by Mick Meaney
Facebook could be in violation of German data protection laws and if so, could be fined by Hamburg’s Data Protection Authority after complaints from citizens that Facebook has been illegally collecting and passing their contact details to third parties.
The DPA is concerned about Facebook’s address-book synchronization, which uploads and stores the email addresses of people who are not Facebook users, directly from existing user’s contact lists without permission.
Head of the DPA, Johannes Caspar, met with Facebook officials but failed to reach agreement, another meeting is scheduled for 24th August.
“We will have another meeting and discuss the things they [Facebook] told us today. Maybe they will offer us a solution but it’s too early to say something in this case,” said Caspar.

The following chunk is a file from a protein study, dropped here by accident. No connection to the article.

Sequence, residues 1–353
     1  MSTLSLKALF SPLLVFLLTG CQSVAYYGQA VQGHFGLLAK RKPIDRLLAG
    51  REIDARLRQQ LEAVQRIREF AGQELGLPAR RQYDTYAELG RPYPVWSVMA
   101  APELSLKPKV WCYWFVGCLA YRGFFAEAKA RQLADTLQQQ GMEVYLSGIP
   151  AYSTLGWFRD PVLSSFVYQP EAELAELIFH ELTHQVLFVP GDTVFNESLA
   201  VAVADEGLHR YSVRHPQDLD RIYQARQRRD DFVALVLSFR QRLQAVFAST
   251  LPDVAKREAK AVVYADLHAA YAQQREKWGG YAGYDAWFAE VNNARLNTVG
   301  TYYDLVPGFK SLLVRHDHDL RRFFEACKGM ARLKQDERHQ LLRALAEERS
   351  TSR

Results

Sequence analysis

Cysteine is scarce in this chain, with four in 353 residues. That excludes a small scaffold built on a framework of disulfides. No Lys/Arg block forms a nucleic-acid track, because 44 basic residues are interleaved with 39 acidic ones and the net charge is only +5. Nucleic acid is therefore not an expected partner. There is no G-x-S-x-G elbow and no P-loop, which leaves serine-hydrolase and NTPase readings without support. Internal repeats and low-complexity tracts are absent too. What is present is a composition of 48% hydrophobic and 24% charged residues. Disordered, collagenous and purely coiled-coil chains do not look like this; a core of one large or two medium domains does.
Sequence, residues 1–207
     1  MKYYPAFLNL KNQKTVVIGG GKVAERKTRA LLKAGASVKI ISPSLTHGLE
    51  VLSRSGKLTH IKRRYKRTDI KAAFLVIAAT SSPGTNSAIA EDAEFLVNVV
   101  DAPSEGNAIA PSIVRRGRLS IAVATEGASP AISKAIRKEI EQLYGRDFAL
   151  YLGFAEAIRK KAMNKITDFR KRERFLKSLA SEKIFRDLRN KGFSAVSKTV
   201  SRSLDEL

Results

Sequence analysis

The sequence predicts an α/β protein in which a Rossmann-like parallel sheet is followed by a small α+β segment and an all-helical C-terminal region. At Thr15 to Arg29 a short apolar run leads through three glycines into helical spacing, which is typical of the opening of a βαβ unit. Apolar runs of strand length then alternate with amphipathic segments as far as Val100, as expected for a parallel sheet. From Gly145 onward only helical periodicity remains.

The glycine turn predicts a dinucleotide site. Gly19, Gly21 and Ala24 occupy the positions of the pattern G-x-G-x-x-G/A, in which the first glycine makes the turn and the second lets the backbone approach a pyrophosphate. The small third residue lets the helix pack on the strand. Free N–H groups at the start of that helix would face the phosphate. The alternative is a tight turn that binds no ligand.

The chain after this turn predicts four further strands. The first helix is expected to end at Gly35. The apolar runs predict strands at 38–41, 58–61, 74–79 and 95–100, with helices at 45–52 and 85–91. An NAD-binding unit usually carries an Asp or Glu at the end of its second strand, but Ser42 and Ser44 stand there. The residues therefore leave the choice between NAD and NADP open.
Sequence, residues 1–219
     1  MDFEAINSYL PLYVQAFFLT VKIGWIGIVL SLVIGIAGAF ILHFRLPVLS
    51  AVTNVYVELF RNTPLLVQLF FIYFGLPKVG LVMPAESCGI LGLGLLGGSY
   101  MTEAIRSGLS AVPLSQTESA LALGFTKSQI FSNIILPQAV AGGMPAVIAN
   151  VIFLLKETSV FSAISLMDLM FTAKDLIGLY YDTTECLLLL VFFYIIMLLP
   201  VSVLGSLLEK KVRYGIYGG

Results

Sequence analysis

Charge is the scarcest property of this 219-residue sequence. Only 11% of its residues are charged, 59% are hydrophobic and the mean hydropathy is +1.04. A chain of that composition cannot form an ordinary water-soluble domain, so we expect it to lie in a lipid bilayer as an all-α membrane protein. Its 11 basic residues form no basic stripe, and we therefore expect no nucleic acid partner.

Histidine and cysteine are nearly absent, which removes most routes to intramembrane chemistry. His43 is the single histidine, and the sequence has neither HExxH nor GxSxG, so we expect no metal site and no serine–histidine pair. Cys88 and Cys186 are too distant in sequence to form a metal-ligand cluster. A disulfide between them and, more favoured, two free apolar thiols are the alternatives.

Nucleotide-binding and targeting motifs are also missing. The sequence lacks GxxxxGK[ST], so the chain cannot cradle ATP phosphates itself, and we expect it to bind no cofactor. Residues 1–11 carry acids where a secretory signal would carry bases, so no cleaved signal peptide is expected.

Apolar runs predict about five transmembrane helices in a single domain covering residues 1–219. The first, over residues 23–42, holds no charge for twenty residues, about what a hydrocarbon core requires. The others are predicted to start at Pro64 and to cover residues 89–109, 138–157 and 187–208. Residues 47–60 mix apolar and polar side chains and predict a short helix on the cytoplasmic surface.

It’s not the first time Facebook has been questioned over the way it handles personal data. The Information Commissioner’s Office (ICO) in the UK became involved in 2008 after users complained they could not delete personal information from the database.
Dave Evans, the senior data protection practice manager at the ICO said:
“One of the things that we’re concerned about is that if the onus is entirely on the individual to delete their own data. An individual who has deactivated their account might not find themselves motivated enough to delete information that’s about them, maybe on their wall or other people’s site.”